If Fargo didn’t have a nickname before, we have one now, courtesy ESPN College GameDay host Chris Fowler. Fargo has been christened Boom City. And what do we do in Boom City? It’s pretty simple. The business is winning championships, at least according to Fowler. Fowler gave downtown Fargo a rousing introduction – an introduction worthy of Theodore Roosevelt, bully! – to a national television audience and the entire sports world when College GameDay made its first of what will hopefully be many trips to Boom City on September 21.
Broadcasting from Broadway with downtown completely draped in green and yellow, Bison banners and flags hanging from buildings, people raising the horns from balconies and posters of all kinds on full display in storefront windows, Fowler issued a proclamation that summarized a passionate fanbase that has evolved into Bison Nation. “Welcome to a Boom Town, where the business is winning championships, building a dynasty. … And this is a scene that’s got to be seen, and heard to be believed. As loud and proud and crazy, as invested as any hotbed anywhere. College GameDay, for the first time, roams to the home of the Mighty North Dakota State Bison.”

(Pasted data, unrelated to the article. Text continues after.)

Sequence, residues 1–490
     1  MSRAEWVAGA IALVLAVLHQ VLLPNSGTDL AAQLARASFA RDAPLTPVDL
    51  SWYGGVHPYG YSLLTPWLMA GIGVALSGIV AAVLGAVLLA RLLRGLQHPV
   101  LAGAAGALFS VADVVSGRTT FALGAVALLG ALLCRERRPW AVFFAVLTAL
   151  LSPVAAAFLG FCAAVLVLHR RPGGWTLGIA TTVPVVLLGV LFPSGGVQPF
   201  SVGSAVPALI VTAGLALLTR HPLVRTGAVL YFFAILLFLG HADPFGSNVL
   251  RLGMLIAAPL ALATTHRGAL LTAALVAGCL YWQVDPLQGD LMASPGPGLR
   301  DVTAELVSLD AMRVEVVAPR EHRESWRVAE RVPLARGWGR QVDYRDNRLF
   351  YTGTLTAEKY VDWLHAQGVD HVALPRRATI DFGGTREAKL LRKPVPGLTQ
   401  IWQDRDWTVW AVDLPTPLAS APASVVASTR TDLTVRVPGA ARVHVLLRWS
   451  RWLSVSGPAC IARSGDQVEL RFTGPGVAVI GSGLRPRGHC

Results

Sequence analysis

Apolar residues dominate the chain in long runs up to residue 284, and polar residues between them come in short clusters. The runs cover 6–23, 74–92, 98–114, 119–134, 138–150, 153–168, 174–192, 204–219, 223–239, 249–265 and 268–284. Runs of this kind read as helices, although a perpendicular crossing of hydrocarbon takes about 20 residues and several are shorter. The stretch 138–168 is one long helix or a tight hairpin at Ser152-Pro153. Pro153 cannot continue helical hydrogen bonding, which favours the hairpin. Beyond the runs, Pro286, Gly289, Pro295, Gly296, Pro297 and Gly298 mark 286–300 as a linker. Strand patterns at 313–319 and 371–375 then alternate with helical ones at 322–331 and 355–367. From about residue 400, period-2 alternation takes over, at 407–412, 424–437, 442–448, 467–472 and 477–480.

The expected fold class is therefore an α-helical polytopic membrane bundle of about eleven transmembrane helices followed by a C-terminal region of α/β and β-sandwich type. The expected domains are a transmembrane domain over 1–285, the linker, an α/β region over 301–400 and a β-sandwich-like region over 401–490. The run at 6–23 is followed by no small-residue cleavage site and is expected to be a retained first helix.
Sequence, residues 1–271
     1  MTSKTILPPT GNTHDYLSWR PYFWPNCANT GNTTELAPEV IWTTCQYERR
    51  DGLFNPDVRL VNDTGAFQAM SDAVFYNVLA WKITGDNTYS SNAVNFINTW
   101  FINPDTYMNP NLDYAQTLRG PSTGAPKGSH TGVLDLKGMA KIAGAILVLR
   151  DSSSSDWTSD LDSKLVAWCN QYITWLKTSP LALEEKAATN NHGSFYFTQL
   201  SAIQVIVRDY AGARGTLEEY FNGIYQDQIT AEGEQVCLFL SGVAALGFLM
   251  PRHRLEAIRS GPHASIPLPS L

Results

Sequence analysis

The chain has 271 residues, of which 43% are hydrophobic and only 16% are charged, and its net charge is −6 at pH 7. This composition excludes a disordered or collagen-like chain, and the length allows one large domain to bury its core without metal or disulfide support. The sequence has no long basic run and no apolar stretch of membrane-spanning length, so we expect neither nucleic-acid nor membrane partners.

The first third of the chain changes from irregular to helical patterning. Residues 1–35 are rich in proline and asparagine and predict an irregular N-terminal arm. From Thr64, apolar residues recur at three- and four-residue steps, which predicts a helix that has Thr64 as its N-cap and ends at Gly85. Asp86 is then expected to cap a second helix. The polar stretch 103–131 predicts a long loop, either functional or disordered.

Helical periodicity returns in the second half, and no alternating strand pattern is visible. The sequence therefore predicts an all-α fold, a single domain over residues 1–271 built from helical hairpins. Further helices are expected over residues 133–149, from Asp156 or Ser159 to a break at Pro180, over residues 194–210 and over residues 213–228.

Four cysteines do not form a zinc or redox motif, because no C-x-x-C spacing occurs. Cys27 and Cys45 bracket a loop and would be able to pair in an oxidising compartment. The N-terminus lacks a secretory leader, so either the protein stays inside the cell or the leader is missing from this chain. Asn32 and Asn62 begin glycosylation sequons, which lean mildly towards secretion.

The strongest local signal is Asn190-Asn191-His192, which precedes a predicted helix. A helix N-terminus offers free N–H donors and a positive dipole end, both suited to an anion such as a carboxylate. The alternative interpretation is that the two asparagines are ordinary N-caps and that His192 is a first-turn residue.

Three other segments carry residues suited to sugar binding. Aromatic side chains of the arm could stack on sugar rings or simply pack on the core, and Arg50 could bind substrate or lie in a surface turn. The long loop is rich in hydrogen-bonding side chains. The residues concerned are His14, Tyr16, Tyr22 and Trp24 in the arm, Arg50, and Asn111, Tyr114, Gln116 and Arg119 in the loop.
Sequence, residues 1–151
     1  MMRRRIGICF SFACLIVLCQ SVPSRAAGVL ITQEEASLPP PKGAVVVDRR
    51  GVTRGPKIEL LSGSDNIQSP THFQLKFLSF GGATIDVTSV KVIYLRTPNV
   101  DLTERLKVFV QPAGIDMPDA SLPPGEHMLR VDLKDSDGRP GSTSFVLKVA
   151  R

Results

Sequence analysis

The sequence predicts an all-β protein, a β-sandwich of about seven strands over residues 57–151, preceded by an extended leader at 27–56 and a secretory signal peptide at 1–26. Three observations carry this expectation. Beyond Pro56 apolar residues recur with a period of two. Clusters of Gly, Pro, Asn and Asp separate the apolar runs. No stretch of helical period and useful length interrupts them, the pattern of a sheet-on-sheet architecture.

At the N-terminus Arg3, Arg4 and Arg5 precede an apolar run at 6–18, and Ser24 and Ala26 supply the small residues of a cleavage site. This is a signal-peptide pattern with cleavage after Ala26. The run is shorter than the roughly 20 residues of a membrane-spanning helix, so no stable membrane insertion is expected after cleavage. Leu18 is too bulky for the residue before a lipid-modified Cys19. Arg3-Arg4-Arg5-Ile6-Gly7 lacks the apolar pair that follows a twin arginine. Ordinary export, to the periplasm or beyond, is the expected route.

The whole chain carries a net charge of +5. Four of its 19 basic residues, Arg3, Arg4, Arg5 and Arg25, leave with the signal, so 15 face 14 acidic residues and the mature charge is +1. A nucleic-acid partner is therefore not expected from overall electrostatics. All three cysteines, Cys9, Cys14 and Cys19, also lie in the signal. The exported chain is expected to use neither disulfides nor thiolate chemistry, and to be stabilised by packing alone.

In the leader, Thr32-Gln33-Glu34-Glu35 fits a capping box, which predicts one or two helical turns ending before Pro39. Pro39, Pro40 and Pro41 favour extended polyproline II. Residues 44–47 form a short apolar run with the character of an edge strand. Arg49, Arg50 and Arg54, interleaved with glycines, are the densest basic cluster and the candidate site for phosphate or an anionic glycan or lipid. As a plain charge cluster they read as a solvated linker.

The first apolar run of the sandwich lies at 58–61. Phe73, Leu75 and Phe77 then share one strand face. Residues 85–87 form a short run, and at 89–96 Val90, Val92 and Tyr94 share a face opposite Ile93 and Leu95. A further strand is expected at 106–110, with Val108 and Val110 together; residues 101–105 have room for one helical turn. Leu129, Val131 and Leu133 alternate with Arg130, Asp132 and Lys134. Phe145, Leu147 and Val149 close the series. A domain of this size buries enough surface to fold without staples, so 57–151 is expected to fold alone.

As they say, our reputation precedes us and was touted by ESPN during the three hour broadcast. You guys need to understand; GameDay doesn’t see that sort of passion with the “big boys.” It wasn’t flattery when GameDay co-host Kirk Herbstreit said the bar had been raised for every other school because of GameDay’s week in Fargo. What about South Bend, Indiana, home of Notre Dame? Nope, that leprechaun can’t get half as crazy as Bison Nation, even on St. Patrick’s Day with a five hour head start. What say you, Bucky Badger in Wisconsin? If anywhere is just as crazy, it’d be the place where the official state meal is thick beer, cheese and bratwurst. Sorry, no discount double check for you. Bison Nation could hold our own on State Street in Madison any day of the week and twice on Saturday.
Don’t believe me? Ask Big Ten commissioner Jim Delaney why he doesn’t want his teams scheduling the mighty Bison from Boom City. None of the “big boys” want any part of us. Just ask Kansas State. When you mess with the Bison, you get the horns! Our fan base – you, me, us – that gets together every weekend in the west lot of the FargoDome is not an FCS fan base. We’re big time. We are every part as good and then some as our Big Ten and Big XII cousins. Well, if you can’t beat ‘em … or in our case, if you can beat ‘em, join ‘em. We belong on that stage, week in and week out. The next Boise State? No, in ten years, college football fans and ESPN will be referring to up-and-comers as the next North Dakota State.